There are many ways to use futures in your currency trading, but as I have said many times before, this is not the place to start if you are a novice – trading currency futures requires experience, knowledge and a complete understanding of both the market and the risks. When I started in index futures, one contract traded at $20 per point, so a 10 point move, which happened in minutes or seconds was a very quick way to lose all your money. I started with very tight 5 point spreads, which were invariably taken out by by minor whipsaws in the market. So please remember, these are highly leveraged instruments which can make you a lot of money quickly, but which can also wipe you out just as fast.

So let’s start by looking at a low risk trade. The currency futures spread trade is a relatively low risk trade in the futures market which is very popular with professional traders, but little used by the smaller retail trader. Now this strategy can be applied to many futures contracts, including commodities and currency, and I have given an example on the futures trading introduction site using contracts on different commodities but which are in related markets. In this case we are simply going to use the same currency pair, but buy and sell in different contract periods. This is often called a calendar spread, but it may also be called an inter delivery spread, intra market spread, or horizontal spread. The mechanics of the trade are very simple, in that we buy and sell contracts in the same currency pair, but in different contract periods.  Spread trading is one of the most conservative forms of futures trading and below I have listed some of the main benefits :

  • Intra market spreads require much lower performance bonds than those needed for naked positions as the trade is in effect a partial hedge
  • Because you are only required to provide a lower performance bond, your returns will be better
  • Spreads generally trend better than outright contracts
  • A spread trade reduces some of the risk of futures trading

Now, regardless of the type of spread, the logic behind all of them is that the long side of the spread will increase in value relative to the short side of the spread (or, it will decrease in value less than the short side). For example, if both the long and short sides increase in value, the spread position will profit (before commissions and fees, of course) if the long position increases more than the short position. If, the opposite occurs and both positions decrease in value, the futures spread trader can still make a profit if the long position decreases in value less than the short position. In other words, this is a directionless trade and the  overall market direction does not matter in a spread position, only the rate at which the contracts move — that is, the relative pricing — between the two contracts counts.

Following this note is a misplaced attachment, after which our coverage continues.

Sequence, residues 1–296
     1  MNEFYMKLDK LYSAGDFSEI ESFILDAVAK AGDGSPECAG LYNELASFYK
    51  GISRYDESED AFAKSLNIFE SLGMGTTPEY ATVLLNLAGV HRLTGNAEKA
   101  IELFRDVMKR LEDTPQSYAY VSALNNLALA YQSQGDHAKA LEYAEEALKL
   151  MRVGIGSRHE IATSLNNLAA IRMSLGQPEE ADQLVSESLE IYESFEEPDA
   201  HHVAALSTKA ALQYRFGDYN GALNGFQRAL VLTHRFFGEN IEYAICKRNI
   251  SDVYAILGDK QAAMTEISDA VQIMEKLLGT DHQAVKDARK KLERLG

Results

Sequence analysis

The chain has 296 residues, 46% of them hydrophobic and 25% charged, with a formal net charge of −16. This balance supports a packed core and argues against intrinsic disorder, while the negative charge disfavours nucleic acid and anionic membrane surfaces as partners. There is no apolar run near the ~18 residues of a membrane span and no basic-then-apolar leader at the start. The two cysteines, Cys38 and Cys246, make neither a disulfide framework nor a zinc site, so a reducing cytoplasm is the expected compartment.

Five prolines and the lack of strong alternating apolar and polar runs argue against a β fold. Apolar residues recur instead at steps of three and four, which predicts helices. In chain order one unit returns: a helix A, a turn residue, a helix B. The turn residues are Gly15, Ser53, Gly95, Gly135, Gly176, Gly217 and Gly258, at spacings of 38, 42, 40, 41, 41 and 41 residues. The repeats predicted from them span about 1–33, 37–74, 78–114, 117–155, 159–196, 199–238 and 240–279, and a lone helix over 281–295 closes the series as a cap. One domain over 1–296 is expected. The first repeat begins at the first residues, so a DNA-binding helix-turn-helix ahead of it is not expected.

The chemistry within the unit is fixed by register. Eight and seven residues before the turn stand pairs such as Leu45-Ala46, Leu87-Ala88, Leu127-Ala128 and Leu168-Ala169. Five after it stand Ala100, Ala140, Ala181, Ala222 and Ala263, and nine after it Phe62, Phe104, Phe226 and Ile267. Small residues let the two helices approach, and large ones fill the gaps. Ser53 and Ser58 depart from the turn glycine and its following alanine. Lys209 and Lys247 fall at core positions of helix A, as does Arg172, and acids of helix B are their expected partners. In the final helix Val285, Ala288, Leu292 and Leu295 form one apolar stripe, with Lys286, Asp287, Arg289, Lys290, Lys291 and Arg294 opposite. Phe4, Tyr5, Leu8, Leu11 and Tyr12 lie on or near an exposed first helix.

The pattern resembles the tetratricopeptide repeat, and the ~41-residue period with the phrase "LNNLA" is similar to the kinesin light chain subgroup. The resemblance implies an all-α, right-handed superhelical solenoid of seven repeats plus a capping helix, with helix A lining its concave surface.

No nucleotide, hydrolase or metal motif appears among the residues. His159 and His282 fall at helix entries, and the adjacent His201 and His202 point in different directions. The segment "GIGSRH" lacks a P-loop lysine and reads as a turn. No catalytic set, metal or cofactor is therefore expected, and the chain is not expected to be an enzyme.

So for example we might buy the EuroFx contract for March and sell the EuroFX contract for September. The choice of contract periods will be a choice for you as a trader and your long term view on the market – there is no right or wrong combination of contract periods, but generally the most popular would be to enter the trade with at least one month to expiry of the shorter term contract, in order to give yourself sufficient time for the differential to develop.  Also please remember that you can lose money on a spread trade. Because spreads involve both a long and a short position in related markets or contracts, they are, in effect, partially hedged positions. As a result, a well-chosen spread can have lower volatility and risk than an outright futures position. Now of course there is always a flip side to trading, and with lower risk comes lower rewards. In addition trading spreads is going to cost twice as much in commissions. Spreads involve two different futures contracts, and both sides are assessed commissions and exchange fees. Commissions in the futures market are generally charged on a per contract basis, and therefore trading a spread involves twice the cost of trading outright futures positions.

OK – that’s about it on currency futures – if you are planning to start as a novice in futures, then I would suggest two things. Firstly, start with the smallest contract available, and secondly start with a spread trade. This will reduce your exposure and risk to the lowest possible level. Naturally there are many ways to trade both as a hedge and as pure speculation – for myself I tend to be more of a speculator, but there are an infinite number of ways to use futures contracts either on their own or in combination with your spot trading – ultimately the choice is yours.

Thank you for getting this far, and I hope you found the site useful and informative, and will help you get started in trading currency futures. If you have any questions please just drop me a line – I love to hear from all of you and will always do my best to help if I can – kind regards Anna